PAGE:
Wednesday, 4 June 2014

Review: Big Girl Knits and More Big Girl Knits

You may have noticed that I have never really knitted a jumper before - not unless you count a very chunky sleeveless one from about two years ago. Being a very big girl, it is hard to find reliable patterns in my size to work with, so I haven't risked buying a huge amount of yarn for a jumper. I would love to knit one in fingering weight or DK yarn at some point as long as I can be sure I have a good pattern that works for me.

Cue Big Girl Knits. You may have heard of Moreno and Singer's two books Big Girl Knits, and More Big Girl Knits. By chance, I found the first one heavily discounted at a local store and had to have it. Recently, I was given the second book and thought I would share my thoughts with you.

There are pros and cons for each, and if you have been thinking about getting the books, I hope my thoughts help you decide whether to go for them or not.

Both books are divided into two sections. First, introductory chapters guide you into what flatters your shape, how to measure yourself and what to keep in mind when considering what to knit. For me, these were the best bits even though I disagreed with many 'rules' established by the authors - but then again they do mention that some rules are meant to be broken. Knitters have to choose between being a boob, belly or butt girl? Tough luck if you are all of the above, though. Then, the following section of the book consists of a number of patterns covering jumpers, cardigans, coats, shawls, socks and bags. Interestingly, the first book also has patterns for a dew skirts and a pair of yoga pants. This variety makes me prefer the first book.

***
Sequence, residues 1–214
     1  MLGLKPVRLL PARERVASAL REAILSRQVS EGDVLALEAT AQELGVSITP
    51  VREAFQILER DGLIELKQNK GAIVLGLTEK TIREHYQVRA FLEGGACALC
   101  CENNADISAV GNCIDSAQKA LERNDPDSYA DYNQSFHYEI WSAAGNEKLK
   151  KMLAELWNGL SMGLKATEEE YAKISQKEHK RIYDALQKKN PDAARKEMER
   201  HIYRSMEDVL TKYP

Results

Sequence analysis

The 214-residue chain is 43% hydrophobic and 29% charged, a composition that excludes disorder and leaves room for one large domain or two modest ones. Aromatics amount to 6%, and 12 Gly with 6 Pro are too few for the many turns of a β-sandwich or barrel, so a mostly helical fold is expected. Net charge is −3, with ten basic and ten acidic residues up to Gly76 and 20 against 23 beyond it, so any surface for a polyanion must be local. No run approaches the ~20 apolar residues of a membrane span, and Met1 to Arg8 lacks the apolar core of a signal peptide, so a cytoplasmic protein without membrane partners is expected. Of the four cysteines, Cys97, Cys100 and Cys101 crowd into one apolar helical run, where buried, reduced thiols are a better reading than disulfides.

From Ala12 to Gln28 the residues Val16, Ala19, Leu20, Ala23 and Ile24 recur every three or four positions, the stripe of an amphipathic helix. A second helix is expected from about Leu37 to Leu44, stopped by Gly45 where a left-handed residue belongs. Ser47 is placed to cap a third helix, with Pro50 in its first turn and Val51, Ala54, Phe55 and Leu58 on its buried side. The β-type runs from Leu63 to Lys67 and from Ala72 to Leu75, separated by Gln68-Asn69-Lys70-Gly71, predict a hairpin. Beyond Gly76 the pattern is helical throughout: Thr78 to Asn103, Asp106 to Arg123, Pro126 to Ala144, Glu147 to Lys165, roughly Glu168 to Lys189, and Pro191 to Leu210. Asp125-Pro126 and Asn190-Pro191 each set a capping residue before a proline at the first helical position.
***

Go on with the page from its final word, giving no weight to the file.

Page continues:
Big Girl Knits also has better patterns than More Big Girl Knits. I especially like the Stacie pullover on the cover (my favourite pattern of all), Bombshell and the simple Cherry Bomb. I also like the knee-length skirts and the pants look comfy, though I probably wouldn't knit them. 

Sadly, the second book contains mainly boring, unflattering patterns that actually seem to contradict the advice given in the opening chapters. Luckily, the book has a sweater worksheet to help you knit a simple 'vanilla' jumper which will be a good start for me. 

There are only three patterns in More Big Girl Knits that I actually like, I'm sad to say. The faire isle in the Bountiful cardigan is beautiful as is the cabling in the Susie hoodie. Hot Cocoa has an interesting construction that fascinates me too.
The most ridiculous pattern in the whole book is Boo, Too. I have no idea what happened there, but that is just too much and not at all flattering. It does not make the lovely model look good, so how is this going to make you and me look? I dread to think about it. Too much colour, too many lines, too many ruffles. I am not a fan of Folly or the Guatemalan Floral Tunic either, though the sleeve solution for the latter is nice.

Having patterns for tops, skirts and even trousers included in the books, I am not sure why we need shawls, bags and socks as well. There are lots of these patterns available elsewhere since these things are not really dependent on your size. Therefore, I have the impression the patterns were simply added to pad out the book. Instead, I would have preferred more jumpers and cardigans.

All in all, I am certainly glad I have the books because I needed the information supplied in the introductory chapters. Knowing how to measure myself properly and how to use the measurements to calculate what I need to do with a pattern is essential. I hope that I can try to knit the 'vanilla' jumper using my measurements just to test if I can do it. I am sure that once I get that first jumper out of the way, it should be easy to knit with more patterns.

Do you have these books? If so, what are your thoughts? Let me know in the comments!

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